UAE Central Bank Governor Sultan bin Nasser al-Suwaidi has long been disenchanted with a job he has had since 1991. So, it was no surprise when he announced on 12 December that he could leave it before the year’s end.

Running a financial system is tough assignment in any country. In the UAE, it is often mission impossible.

The federation’s central bank was founded 17 years ago this month and is one of the world’s newest. It replaced the UAE currency board set up in 1973 to regulate the supply of the dirham, which was launched that year. From independence until then, Abu Dhabi had used the Bahraini dinar; the first bank’s first governor, Abdelmalik al-Hamar, was a Bahraini.

The UAE central bank’s most persistent challenge was supervising the federation’s banking system. Each emirate is technically sovereign and they initially used their powers to grant bank licences. Some of the new institutions lent imprudently and this led to a banking crash when oil prices slumped in 1986. Mergers followed that produced the domestic banking structure we know today.

The greatest irritation for the central bank was regulating institutions that sometimes saw themselves as beyond federal control. This was compounded in the 1990s by a rising inflow of foreign money. Some of this was due to money-laundering operations. It produced yet another headache for the central bank.

A new issue emerged in 2001 when Dubai announced plans to create the Dubai International Financial Centre (DIFC), a free zone that was to operate outside the central bank’s scrutiny. The anomaly was regularised in 2004 when the UAE cabinet passed a financial free zone law which maintained the central bank’s supremacy. Effectively, however, detailed regulation was divested to the Dubai Financial Services Authority (DFSA), a part of the DIFC.

The central bank is now being pounded by the twin tasks of dealing with explosive money supply growth and preparing for the GCC’s goal of achieving currency union in 2010. Seeking some room for manoeuvre, Al-Suwaidi hinted at the start of 2007 that preparations for a single currency might be presaged by co-ordinated GCC revaluations against the dollar. This idea was swiftly dismissed. Since the summer, currency speculation and inflation have dominated Al-Suwaidi’s agenda.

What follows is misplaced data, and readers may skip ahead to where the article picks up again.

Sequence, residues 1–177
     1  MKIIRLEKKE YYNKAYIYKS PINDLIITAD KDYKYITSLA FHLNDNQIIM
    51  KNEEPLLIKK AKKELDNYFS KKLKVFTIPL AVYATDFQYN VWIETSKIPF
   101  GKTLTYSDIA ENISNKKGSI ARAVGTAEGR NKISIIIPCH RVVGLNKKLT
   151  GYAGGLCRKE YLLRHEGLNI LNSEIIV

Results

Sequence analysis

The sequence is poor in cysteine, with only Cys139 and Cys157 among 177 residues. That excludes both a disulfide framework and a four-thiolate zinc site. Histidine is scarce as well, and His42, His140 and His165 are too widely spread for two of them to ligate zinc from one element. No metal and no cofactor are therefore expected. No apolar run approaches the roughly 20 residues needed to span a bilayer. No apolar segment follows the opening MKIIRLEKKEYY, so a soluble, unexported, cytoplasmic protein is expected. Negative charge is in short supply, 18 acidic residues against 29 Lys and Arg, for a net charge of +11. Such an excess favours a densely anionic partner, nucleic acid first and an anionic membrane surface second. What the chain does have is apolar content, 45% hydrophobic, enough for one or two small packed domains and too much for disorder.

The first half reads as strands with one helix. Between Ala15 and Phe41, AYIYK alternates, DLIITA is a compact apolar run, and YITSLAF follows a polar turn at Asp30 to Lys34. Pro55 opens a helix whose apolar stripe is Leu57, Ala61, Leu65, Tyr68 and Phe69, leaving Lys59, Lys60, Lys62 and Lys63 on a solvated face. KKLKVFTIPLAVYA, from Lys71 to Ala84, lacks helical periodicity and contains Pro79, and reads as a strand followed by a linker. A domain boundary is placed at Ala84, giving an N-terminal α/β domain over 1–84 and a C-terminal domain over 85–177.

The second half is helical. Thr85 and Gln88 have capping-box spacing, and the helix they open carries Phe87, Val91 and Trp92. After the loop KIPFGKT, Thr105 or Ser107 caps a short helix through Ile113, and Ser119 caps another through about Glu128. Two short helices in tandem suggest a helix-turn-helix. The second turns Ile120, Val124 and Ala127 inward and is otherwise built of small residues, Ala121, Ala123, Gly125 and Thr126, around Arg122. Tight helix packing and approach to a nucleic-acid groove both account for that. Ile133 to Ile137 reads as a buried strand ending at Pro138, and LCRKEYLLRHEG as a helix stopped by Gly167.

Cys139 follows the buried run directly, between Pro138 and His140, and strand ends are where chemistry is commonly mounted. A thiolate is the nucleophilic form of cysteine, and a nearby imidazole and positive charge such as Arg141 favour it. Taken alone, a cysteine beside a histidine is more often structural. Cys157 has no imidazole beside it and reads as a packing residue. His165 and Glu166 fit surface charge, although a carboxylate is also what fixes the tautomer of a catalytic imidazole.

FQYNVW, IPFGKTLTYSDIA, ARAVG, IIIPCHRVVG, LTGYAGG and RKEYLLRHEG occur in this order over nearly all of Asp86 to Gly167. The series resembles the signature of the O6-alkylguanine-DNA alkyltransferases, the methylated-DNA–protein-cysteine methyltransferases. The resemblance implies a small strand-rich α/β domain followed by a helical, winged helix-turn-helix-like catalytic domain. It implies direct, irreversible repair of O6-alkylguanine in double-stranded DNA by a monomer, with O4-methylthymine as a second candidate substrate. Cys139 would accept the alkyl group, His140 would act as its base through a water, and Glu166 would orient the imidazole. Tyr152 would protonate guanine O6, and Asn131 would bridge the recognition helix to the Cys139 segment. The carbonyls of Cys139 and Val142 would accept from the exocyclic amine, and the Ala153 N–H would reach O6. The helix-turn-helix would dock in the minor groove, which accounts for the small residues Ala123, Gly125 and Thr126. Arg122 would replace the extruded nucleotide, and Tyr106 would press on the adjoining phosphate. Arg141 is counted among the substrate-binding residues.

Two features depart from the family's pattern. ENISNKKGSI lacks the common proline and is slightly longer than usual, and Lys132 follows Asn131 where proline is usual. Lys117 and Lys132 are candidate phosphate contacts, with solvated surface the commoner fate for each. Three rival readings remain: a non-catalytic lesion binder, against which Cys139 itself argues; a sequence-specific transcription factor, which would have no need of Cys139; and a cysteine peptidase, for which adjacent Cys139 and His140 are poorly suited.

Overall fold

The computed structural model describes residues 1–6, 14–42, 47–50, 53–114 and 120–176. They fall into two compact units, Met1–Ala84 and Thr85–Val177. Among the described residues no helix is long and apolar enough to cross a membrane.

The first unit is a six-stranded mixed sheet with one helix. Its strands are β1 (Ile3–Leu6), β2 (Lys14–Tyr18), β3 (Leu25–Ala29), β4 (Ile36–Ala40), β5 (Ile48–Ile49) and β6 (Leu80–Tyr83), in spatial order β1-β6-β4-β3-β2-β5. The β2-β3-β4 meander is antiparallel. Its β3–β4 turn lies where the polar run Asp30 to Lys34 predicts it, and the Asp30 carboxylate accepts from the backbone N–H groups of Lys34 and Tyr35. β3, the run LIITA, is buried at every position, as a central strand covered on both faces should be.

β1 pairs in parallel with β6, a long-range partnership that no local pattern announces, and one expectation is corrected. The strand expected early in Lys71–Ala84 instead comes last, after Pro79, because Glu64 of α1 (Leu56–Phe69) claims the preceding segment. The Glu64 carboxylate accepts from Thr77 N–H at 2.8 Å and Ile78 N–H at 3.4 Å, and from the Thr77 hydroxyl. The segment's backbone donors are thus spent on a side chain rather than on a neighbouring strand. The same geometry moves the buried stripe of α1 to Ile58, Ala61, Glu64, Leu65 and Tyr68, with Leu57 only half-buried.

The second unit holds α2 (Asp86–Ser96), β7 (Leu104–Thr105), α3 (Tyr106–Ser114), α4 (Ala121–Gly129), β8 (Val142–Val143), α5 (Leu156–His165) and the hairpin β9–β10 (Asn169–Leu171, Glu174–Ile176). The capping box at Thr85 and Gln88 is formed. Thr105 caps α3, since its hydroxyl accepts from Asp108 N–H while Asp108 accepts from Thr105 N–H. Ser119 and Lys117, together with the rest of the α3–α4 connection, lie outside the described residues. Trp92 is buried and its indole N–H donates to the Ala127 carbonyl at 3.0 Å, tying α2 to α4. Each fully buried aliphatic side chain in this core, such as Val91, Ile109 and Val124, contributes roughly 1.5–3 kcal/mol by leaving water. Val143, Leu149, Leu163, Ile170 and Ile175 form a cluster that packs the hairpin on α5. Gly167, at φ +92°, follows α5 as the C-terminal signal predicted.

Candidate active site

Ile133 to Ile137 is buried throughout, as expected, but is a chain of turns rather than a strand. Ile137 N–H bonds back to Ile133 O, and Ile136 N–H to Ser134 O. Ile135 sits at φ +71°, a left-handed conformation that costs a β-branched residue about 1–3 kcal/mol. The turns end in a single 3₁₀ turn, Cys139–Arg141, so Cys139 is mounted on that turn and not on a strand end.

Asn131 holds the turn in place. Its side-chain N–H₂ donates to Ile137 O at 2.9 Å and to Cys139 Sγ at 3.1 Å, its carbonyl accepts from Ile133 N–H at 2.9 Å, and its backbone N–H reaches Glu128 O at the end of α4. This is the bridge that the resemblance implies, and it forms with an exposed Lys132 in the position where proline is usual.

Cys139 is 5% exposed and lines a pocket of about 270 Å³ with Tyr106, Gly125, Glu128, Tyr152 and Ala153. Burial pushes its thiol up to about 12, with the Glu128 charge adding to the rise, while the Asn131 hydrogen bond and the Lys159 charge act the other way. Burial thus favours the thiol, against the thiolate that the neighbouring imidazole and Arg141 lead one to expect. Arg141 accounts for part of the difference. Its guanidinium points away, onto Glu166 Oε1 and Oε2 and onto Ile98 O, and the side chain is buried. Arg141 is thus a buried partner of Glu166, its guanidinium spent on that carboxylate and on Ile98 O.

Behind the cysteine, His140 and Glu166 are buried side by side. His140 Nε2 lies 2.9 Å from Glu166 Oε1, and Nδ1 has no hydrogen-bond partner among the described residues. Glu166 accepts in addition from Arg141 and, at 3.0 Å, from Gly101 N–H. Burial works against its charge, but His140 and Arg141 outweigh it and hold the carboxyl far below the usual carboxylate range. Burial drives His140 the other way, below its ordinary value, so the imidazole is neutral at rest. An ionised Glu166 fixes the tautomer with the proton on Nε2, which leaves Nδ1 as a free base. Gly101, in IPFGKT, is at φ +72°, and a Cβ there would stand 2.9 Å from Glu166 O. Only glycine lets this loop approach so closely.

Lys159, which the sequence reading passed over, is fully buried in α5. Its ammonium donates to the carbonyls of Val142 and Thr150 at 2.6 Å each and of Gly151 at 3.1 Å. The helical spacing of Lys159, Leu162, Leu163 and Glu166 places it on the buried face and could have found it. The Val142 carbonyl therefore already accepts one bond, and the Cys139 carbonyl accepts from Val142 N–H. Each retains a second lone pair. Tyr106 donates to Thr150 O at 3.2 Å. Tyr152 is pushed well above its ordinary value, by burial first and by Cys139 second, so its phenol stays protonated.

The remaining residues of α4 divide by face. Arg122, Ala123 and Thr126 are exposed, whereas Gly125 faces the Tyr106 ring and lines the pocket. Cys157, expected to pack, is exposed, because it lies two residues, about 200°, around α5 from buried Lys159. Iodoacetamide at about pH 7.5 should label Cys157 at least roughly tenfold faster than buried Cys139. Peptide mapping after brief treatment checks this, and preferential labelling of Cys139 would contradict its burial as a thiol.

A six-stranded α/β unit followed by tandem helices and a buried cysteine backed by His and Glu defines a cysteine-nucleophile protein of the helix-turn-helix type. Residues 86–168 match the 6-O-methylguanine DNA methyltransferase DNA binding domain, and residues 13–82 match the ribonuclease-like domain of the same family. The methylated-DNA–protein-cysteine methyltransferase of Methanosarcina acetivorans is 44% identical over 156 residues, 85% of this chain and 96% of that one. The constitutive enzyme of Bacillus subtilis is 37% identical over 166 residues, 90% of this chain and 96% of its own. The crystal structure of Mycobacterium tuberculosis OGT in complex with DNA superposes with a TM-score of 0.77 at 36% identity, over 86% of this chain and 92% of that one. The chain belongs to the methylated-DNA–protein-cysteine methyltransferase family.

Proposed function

In some people’s eyes, his departure was overdue. But this is a diversion from the real issue, which is the need for the UAE to have a coherent national development policy.

Its economy is dominated by two growth engines. The largest is Abu Dhabi, which has this year earned about $50 billion from oil exports and almost as much again from foreign investments. The second is Dubai, which is harvesting income from logistics, tourism and other service sectors. Due to globalisation and record oil demand and prices, these two are combining to make the UAE the world’s most powerful money-making machine. Money supply growth is now more than 30 per cent a year and probably accelerating.

A by-product is a growing development imbalance. Abu Dhabi will soon be one of the world’s richest cities and is autonomously taking steps to improve its education, health and housing. The poorer emirates are living in the shadow of an economic behemoth and are inexorably losing young talent to the boom cities.

The problems faced by Al-Suwaidi were overwhelmingly due to these factors. How could he hope to contain inflation when exchange rate policy, the sole effective monetary policy instrument, was determined by the regional power balance and the UAE’s relations with US? And what chance does a national financial policy have when the federation is still effectively seven autonomous economic units?

The burdens of these contradictions will pass on to Al-Suwaidi’s replacement. The responsibility for devising a roadmap for the UAE’s long-term economic future as a unit rather than a collection of autonomous entities rests elsewhere.

The UAE is in the grip of a boom that could last for a generation. It needs a national economic policy supported by appropriate monetary, fiscal and public investment strategies that will deliver the benefits efficiently and equitably across the entire country.

But that, in turn, requires agreement about the ultimate goals of a project that will change the face of the region and the nation. This is a political issue that is not in the job description of any central bank governor, nor should it be. And unless it is addressed, the new governor will have exactly the same problems as his predecessor did.